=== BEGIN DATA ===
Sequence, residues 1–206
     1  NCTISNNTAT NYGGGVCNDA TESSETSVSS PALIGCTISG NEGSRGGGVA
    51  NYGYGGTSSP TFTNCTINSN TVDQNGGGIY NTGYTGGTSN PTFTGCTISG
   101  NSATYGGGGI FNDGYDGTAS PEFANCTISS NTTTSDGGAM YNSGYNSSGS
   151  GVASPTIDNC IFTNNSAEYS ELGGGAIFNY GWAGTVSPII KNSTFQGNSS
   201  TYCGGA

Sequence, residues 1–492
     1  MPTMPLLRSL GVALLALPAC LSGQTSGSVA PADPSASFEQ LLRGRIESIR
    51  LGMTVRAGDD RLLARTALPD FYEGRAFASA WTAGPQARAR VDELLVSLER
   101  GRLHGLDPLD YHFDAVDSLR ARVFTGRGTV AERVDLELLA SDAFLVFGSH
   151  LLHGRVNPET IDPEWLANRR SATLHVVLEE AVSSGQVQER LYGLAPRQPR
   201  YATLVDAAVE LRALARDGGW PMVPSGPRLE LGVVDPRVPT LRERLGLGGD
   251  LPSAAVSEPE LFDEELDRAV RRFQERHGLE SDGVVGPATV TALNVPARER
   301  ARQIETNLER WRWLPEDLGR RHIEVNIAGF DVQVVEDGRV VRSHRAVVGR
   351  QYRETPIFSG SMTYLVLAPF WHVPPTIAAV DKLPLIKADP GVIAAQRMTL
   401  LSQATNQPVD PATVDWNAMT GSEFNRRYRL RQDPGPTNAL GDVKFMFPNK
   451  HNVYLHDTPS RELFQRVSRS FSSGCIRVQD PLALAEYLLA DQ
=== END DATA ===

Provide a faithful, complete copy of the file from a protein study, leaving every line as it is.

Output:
Sequence, residues 1–206
     1  NCTISNNTAT NYGGGVCNDA TESSETSVSS PALIGCTISG NEGSRGGGVA
    51  NYGYGGTSSP TFTNCTINSN TVDQNGGGIY NTGYTGGTSN PTFTGCTISG
   101  NSATYGGGGI FNDGYDGTAS PEFANCTISS NTTTSDGGAM YNSGYNSSGS
   151  GVASPTIDNC IFTNNSAEYS ELGGGAIFNY GWAGTVSPII KNSTFQGNSS
   201  TYCGGA

Sequence, residues 1–492
     1  MPTMPLLRSL GVALLALPAC LSGQTSGSVA PADPSASFEQ LLRGRIESIR
    51  LGMTVRAGDD RLLARTALPD FYEGRAFASA WTAGPQARAR VDELLVSLER
   101  GRLHGLDPLD YHFDAVDSLR ARVFTGRGTV AERVDLELLA SDAFLVFGSH
   151  LLHGRVNPET IDPEWLANRR SATLHVVLEE AVSSGQVQER LYGLAPRQPR
   201  YATLVDAAVE LRALARDGGW PMVPSGPRLE LGVVDPRVPT LRERLGLGGD
   251  LPSAAVSEPE LFDEELDRAV RRFQERHGLE SDGVVGPATV TALNVPARER
   301  ARQIETNLER WRWLPEDLGR RHIEVNIAGF DVQVVEDGRV VRSHRAVVGR
   351  QYRETPIFSG SMTYLVLAPF WHVPPTIAAV DKLPLIKADP GVIAAQRMTL
   401  LSQATNQPVD PATVDWNAMT GSEFNRRYRL RQDPGPTNAL GDVKFMFPNK
   451  HNVYLHDTPS RELFQRVSRS FSSGCIRVQD PLALAEYLLA DQ